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How to: Do a Content Inventory

Content Inventory - Library“Content inventory”. The very phrase can strike fear in the hearts of SEOs, or make a marketing manager swoon. But what really is a content inventory?

For some companies, it’s a list of pages, and maybe some completely useless metrics like ‘images per page.’ For others, it’s a set of documents so complex you’re better off reading the entire web site, page by page, instead.

To me, a content inventory should tell me:

  1. What I’ve got.
  2. The topics for each asset.
  3. How each asset has performed, not simply in pageviews, but in actual audience response.

The metrics

When we do an inventory, here’s what we collect, why we collect it, and how we collect it:

  • URL list: We need a list of pages to measure, first. We use Screaming Frog for simpler crawls and our own in-house toolset for big hairy sites with more than 10,000 pages. OK, they’re not actually hairy. I’m hairy. Web sites are challenging, difficult, complicated… It’s an expression.
  • Title tag: Hopefully obvious. We parse the page using Python’s Beautiful Soup library.
  • Description tag: Ditto, and again, Beautiful Soup is how we do it.
  • Citation and trust flow from MajesticSEO using their API…
  • and/or page authority from the same database that drives OpenSiteExplorer, using MOZ’s API: These are solid, basic authority metrics for judging content performance on non-social channels
  • Facebook shares, likes, clicks and comments: A solid social media indicator. We fetch this data straight from the Facebook Open Graph API.
  • Tweets from influencers: Grabbed via the Topsy API. This is a huge help if we need to figure out why something was successful.
  • Total tweets: Again, this is a good indicator of content performance in social media. Again, we use Topsy’s API. Why not use Twitter? Because they don’t provide data on URLs. C’mon, Twitter, throw us a bone…
  • Reddit shares: It is the front page of the internet, after all. Fetched from Reddit’s API.
  • Number of headings on the page: Headings can sometimes indicate layout quality. A 2000 word article with zero headings may be a real usability disaster. This lets us figure it out at a glance. Python’s Beautiful Soup to the rescue, again.
  • Word count: Because, you know, people tend to use words. The Python Natural Language Toolkit (NLTK) is overkill, but we use it anyway, since we’re going to use it for some other stuff.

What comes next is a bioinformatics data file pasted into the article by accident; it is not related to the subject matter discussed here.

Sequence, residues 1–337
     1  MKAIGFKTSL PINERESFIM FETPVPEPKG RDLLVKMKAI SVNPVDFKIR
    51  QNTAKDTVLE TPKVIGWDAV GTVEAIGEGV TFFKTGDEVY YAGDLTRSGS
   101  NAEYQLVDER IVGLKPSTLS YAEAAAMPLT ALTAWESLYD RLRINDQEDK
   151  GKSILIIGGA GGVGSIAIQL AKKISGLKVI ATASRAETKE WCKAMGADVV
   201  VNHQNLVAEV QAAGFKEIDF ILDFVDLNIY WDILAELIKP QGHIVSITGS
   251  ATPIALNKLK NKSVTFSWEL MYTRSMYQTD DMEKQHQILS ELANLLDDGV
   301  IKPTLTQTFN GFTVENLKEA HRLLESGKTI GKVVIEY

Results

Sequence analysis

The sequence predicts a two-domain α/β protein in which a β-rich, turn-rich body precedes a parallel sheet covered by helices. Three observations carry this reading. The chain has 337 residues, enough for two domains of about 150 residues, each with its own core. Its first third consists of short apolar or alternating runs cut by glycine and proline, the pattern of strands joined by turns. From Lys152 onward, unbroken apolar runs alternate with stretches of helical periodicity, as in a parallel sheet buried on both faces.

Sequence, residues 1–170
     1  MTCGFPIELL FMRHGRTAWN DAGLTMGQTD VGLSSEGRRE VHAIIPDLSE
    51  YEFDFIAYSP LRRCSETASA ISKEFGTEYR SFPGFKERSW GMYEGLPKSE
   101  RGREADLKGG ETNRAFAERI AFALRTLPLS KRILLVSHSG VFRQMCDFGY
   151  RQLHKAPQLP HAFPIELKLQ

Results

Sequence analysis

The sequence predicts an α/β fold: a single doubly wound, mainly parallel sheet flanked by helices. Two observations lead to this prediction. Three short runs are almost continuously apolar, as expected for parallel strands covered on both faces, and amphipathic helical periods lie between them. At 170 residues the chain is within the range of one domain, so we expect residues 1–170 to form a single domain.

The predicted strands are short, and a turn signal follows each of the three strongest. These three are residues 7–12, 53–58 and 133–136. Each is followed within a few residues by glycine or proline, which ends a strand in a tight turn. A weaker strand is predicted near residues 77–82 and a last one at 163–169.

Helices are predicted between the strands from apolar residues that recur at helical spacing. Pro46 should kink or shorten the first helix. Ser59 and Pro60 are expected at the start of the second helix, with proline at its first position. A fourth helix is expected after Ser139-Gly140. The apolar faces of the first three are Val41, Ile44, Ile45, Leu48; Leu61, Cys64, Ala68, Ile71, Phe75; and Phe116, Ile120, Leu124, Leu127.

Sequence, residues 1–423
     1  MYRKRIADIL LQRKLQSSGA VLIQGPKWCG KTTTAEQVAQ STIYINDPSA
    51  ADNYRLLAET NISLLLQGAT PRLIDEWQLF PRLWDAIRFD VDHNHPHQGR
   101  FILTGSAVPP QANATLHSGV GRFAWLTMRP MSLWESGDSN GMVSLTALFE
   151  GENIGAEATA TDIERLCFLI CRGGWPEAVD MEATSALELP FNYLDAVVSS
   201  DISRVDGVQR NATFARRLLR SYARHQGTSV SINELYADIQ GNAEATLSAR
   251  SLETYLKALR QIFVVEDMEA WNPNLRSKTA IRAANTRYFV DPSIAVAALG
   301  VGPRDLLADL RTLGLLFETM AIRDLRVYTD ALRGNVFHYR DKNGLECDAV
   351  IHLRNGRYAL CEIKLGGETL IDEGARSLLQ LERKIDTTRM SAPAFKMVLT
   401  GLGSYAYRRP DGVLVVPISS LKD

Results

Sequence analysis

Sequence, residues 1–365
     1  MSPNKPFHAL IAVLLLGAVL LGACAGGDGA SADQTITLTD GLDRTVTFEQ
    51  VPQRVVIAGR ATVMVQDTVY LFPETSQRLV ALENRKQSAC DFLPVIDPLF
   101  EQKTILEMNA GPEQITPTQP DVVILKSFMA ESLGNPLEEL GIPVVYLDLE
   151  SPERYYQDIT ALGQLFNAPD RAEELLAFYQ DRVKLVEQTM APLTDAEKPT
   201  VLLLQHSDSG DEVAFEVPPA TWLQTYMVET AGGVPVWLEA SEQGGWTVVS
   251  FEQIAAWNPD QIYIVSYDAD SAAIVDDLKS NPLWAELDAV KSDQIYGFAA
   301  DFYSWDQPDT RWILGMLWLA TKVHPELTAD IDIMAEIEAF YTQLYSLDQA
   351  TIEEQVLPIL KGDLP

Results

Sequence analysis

• Flesch-Kincaid reading ease and grade level: A somewhat-helpful look at how challenging a specific asset may be, and whether average, site-wide reading level is too high or low. We use a mix of the NLTK and some custom code.
  • Whether the page has correct paragraph markup: Like headings, this is a simple way to check whether a page complies with basic formatting standards. Beautiful Soup does the job.
  • Page load time: Load speed matters. We fetch this using Google’s Page Speed API.
  • Page weight: May explain load speed issues. Again, obtained using Google’s Page Speed API.
  • Top words: The top 5 words on the page, excluding stop words like if, and, the. Fetched using the Python NLTK.

Then, we plunk it all into a database, and pour it all into a spreadsheet. You can learn a lot from a high-level view like this. Plus, it provides a fairly solid list of all content assets.

What’s an ‘asset’?

Oooh, good question. We could store data on every image, video, page and all other bits and pieces of information on a site. But I rarely find that level of detail valuable. So, for me, an ‘asset’ is a single piece of content, including text, images, video or other embedded material that comprises the page or pages.

Yes, it’s a little muddy. But it’s worked for us so far.

What about videos?

We do have more and more clients who plunk a video on a page and leave it. These pages have no crawlable ‘content’, per se, unless the client has also gotten a transcript done.

Or do they? We can still grab the title and description, and much of the data listed above. We cannot get things like word counts or top words, until the client gets the transcription done. But we strongly recommend that anyway. If we simply can’t get the transcript, then we make do with social media and tag-based metrics.

What about pageviews and stuff?

Yes, we’ll sometimes pull pageview, time on page or page-related conversion data. But these stats can lead to some really bass-ackward conclusions.

Is a page that generates zero conversions necessarily a bad thing? Nope. It may be part of a long chain of content/contacts that lead to all sorts of good stuff.

Is a page the generates a kajillion pageviews a good thing? No guarantee. If it’s generating lousy pageviews, then it’s not helping.

Plus, marketers tend to latch on to pageviews like remora on sharks. Once they do, they refuse to let go. I’d rather present some other statistics, first, if possible.

Getting sneaky

If you’re not a coding nerd, but want to pull the same data for your site or clients, here’s how you do it:

Use Screaming Frog to get a list of URLs on a site.

Upload that list to Amazon Mechanical Turk directly, or using Smartsheet, which is full of awesome.

Ask each worker to fill in the columns, by URL.

Voila: Content inventory, sans coding.

Get used to it

However you do it, you need to set up a content inventory process. More and more clients are going to start asking. And while you can get all the data I’ve listed from various tools around the web, you can’t get it all in one place. You’ll save yourself a lot of time, and look super-professional, if you can pull it all together for your client or boss.

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